BG&E Bounces Back

July 21, 1991

It has been a rocky few years for the Baltimore Gas & Electric Co. Continuing difficulties at its Calvert Cliffs nuclear plant strained the utility's electric-generating capacity and raised troubling questions about the company's management ability. Those concerns are fast fading. BG&E is on the rebound, and suddenly the future looks bright.

Both units at Calvert Cliffs now are back in business, running at full speed. Additionally, the company's new coal-fired plant at Brandon Shores is churning out 640 megawatts of electricity -- enough to power 6.4 million 100-watt light bulbs. The result is a reserve capacity well above 20 percent -- more than enough to handle peak demands during these swelteringly hot summer days.

Still, BG&E remains on the Nuclear Regulatory Commission's "watch" list because of its past management and safety problems at Calvert Cliffs. The panel heard an encouraging staff report in late June on BG&E's progress but decided to continue close monitoring of the utility's nuclear plant. A $30 million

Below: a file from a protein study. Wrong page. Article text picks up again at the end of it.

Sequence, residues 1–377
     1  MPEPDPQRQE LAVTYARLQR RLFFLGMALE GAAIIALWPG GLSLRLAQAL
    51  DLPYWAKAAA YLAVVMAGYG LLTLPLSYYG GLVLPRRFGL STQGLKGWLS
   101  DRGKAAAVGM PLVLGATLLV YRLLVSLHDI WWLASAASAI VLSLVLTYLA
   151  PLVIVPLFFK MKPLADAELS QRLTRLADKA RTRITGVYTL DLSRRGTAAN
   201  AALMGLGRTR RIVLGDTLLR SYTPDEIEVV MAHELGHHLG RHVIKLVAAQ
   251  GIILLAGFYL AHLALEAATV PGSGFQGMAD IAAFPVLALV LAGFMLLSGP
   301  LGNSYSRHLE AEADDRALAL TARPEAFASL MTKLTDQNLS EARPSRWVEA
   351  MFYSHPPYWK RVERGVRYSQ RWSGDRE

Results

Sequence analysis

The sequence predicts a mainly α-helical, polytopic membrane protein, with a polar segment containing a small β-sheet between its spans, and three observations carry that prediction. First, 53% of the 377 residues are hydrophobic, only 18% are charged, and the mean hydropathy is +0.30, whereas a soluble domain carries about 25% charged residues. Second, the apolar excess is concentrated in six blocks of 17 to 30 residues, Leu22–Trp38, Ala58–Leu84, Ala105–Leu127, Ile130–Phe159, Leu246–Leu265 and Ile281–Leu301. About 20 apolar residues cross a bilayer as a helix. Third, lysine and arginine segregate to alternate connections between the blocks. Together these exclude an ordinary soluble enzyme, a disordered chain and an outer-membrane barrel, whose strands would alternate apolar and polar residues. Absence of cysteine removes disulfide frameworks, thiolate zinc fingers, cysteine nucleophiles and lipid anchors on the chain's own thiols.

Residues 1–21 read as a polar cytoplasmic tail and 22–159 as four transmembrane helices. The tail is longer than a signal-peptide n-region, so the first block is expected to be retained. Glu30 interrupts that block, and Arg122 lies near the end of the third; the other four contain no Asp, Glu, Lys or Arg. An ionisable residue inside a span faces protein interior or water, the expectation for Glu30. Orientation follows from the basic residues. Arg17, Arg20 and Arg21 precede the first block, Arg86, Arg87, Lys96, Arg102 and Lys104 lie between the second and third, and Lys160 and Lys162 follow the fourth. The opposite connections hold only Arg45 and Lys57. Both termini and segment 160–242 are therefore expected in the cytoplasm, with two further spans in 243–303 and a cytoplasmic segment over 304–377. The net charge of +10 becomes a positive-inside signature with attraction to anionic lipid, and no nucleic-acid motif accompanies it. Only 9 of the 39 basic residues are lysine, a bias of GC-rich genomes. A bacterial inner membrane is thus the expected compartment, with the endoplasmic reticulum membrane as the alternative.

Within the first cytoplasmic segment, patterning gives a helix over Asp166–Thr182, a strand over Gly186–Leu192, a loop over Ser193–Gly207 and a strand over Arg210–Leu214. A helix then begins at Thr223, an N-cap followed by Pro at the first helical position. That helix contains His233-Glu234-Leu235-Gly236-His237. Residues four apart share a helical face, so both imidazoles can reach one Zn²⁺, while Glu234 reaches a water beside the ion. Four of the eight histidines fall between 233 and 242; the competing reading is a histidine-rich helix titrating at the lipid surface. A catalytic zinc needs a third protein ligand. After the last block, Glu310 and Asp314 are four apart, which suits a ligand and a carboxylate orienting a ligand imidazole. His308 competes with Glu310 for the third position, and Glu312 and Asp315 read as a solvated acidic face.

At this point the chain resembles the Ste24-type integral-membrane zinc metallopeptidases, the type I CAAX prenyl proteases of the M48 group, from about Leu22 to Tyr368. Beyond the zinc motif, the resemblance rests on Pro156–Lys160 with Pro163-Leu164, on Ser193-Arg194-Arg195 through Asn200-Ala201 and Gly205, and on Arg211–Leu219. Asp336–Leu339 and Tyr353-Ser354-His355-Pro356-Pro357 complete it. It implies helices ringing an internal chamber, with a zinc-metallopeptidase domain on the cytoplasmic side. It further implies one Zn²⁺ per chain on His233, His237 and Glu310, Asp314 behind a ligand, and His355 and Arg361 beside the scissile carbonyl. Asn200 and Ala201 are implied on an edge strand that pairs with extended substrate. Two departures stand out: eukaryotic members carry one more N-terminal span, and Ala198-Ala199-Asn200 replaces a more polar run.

revamping of procedures at Calvert Cliffs and installation of a mainframe computer and a vast processing system have turned things around at the Southern Maryland plant.

Less promising is a nettlesome dispute in Annapolis that puts BG&E in a no-win position. The capital city's council voted 5-3 to prevent a $3 million expansion of the Tyler Avenue substation because of fears that electromagnetic fields from power lines and transformers might be linked to low-level radiation. Scientific evidence is inconclusive, but that didn't stop the council from forcing BG&E to pursue costly stopgap options to meet strong demand for electricity in fast-growing Annapolis. The ultimate losers could turn out to be the citizens of Annapolis, who may be saddled with big increases in their electric bills.

Now BG&E is concentrating on an energy-conservation program designed to postpone the need for future power plants. If the Public Service Commission approves, the utility will be able to reap profits for encouraging conservation. This is a sensible approach which, when combined with the low-cost power generated at Calvert Cliffs and Brandon Shores, should put BG&E in an enviable position to meet the Chesapeake region's electric demands in the years ahead.

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